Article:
Supervisors Jon Quong and Tom Porter
Responsibility and Global Justice: Agency, Control, and International Distributive Justice.
Ideas about individual responsibility have been widely explored in political philosophy. My doctoral thesis will explore the role of the concept of collective responsibility in theorising about global justice. By invoking my ideas about responsibility in opposition to those who see no moral problem in treating illiberal regimes, which deny some citizens equal social and economic rights, as collectively responsible entities, I aim to construct a unified account of our duties to citizens and outsiders that moves beyond the Cosmopolitan and Statist approaches to global justice. Holding groups collectively responsible, where relationships of domination prevail, violates the liberal egalitarian ideal that we should only hold people responsible for their choices and not their circumstances. I intend to argue that interaction within groups in which membership is in a significant sense involuntary, such as the nation-state, requires particular inter-personal social freedoms that act as a substratum unifying individual wills in a manner that makes the practice of holding them collectively responsible morally defensible.
Supervisors Jon Quong and Tom Porter
Justice For Children: The Role of Education and Upbringing in Liberal Political Thought
Liberalism has always had particular difficulties dealing with justice for children, difficulties which have not been surmounted and still provoke vast disagreement amongst liberal academics. It is my goal to provide a compelling answer to the question of what we should do for children, and also thereby strengthen the theory of liberal justification upon which I build my case. My thesis is based upon the simple premise that children should be considered as future adults. I argue that we can work out what we owe children (and what children owe adults) from understanding how liberals conceive of adults when justifying principles. The first part of my thesis will expound this thought and advance principles of upbringing alongside a particular understanding of neutral liberal justification. The second part of my thesis will look more closely at the relationship between the purpose of political philosophy, liberal justification and the 'real world'. I shall then be able to suggest the institutions and policies which liberal societies would do well to implement, given the principles outlined in the first part of my thesis.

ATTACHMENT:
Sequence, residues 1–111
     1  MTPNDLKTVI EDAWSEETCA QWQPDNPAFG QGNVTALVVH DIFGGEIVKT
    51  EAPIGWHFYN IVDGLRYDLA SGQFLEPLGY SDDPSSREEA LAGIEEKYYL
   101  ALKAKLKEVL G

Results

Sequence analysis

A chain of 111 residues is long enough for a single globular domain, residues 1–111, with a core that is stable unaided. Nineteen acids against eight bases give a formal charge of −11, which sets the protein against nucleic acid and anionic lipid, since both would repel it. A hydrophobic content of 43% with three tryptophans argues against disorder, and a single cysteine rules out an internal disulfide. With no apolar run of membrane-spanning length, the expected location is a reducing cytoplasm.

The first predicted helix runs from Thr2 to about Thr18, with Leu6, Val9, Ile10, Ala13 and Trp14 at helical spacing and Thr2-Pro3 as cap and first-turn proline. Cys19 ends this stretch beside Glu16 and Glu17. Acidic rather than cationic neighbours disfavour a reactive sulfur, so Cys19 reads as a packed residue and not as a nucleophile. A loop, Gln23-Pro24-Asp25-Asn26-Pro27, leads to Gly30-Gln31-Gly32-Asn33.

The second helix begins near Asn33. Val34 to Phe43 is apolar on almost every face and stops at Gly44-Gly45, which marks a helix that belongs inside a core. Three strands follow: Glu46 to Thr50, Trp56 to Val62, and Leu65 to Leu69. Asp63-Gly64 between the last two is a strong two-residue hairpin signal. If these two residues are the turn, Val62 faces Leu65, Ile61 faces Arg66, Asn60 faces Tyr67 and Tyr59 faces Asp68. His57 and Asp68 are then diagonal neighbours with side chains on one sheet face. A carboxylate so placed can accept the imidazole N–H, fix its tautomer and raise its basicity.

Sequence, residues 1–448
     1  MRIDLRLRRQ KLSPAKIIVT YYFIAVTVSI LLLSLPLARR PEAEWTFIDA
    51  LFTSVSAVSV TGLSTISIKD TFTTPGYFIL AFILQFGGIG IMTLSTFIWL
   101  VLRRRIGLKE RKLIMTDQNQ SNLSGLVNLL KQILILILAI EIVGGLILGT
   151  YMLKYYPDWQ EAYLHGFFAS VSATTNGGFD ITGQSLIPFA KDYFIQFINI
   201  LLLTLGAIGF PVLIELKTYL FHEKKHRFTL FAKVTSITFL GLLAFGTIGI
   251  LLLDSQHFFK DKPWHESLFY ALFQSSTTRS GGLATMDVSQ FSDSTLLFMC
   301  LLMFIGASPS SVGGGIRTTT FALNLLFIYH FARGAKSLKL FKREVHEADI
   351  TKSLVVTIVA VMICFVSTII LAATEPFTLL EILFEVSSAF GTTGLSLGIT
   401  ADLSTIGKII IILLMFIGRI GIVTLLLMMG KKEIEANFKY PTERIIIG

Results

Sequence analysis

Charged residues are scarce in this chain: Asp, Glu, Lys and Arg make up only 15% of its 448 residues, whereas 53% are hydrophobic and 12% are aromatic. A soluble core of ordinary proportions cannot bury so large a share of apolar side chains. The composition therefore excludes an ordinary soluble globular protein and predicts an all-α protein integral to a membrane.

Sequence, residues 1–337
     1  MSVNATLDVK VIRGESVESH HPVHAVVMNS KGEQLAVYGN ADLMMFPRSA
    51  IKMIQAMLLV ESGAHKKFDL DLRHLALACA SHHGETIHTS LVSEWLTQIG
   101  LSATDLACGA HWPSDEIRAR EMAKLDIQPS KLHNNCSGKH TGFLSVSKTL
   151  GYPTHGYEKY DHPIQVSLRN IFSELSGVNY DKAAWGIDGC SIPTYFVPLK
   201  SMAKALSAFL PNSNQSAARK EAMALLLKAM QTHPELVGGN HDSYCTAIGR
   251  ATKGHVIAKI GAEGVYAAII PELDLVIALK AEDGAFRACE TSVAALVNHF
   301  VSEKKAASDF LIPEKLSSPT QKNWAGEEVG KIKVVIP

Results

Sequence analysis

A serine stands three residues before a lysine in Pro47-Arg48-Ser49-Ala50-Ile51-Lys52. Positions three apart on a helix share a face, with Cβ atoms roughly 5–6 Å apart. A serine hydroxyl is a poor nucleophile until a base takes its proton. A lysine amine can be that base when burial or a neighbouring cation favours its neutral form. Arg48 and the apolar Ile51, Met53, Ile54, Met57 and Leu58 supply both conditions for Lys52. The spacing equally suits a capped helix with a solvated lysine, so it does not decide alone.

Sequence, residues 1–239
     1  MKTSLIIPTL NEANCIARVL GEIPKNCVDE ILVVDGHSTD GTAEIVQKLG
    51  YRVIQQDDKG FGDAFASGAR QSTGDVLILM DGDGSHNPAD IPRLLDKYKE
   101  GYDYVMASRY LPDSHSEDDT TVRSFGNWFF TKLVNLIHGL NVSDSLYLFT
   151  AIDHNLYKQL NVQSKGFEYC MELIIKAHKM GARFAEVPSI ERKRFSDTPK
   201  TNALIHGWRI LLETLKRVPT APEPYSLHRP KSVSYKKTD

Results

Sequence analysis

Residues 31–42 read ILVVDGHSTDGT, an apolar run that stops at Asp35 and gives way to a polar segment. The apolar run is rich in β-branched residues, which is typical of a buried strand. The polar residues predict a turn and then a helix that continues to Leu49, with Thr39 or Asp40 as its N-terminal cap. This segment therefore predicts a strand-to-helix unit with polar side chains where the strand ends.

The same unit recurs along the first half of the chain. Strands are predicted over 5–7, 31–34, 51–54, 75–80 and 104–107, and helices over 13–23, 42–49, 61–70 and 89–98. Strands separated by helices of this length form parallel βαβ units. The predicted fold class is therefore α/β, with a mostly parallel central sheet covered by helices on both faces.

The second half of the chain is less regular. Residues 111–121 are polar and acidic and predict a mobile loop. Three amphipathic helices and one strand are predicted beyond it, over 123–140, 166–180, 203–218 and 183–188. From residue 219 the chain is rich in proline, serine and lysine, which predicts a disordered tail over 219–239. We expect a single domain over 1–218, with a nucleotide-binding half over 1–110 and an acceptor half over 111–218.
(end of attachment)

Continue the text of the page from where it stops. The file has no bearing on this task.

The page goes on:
Supervisors Jon Quong and Tom Porter
Does it Matter What the People Think?
In my thesis I ask whether normative theorists ought to take into account, during their deliberations over the political principles that should govern our lives, what the people to whom those principles will apply think about them. That is, should theorists require any knowledge of people’s judgements about justice? Or, does it matter what the people think? It’s unconventional for philosophers to begin their moral enquiries by seeking data on public opinion. However, within the political philosophy, general support for concepts such as autonomy and democracy—and disapproval of coercion and paternalism—suggest the existence of a widespread intuition on the part of political philosophers that, in some sense, people’s views are important. One explanation for this is the idea that it is valuable for people to exercise their capacity for a sense of right and wrong. If philosophers wish to respect this value whilst developing principles of justice, then it seems possible that they will need some knowledge of people’s judgements. It is unclear, however, what the role of their judgements should be in the development of principles of justice.
Freedom and Ecology
Environmentalists make moral claims that act as side-constraints. If I want to achieve X, and find environmentalist arguments convincing, I am restricted in the means I can employ to do so. They argue that at least some of these demands are so strong that people who do not themselves accept the moral force of these green moral claims should nevertheless be forced by the state to behave as if they did. I consider the effect that accepting such claims on theories of justice based on a hypothetical social contract, and argue that such theories must, if they are to accommodate environmental demands, sacrifice either their commitment to liberty or to equality. I then attempt to construct and defend a form of "green libertarianism" as an alternative that protects liberty while also being consistent with those forms of left-libertarianism that require significant redistribution on egalitarian grounds.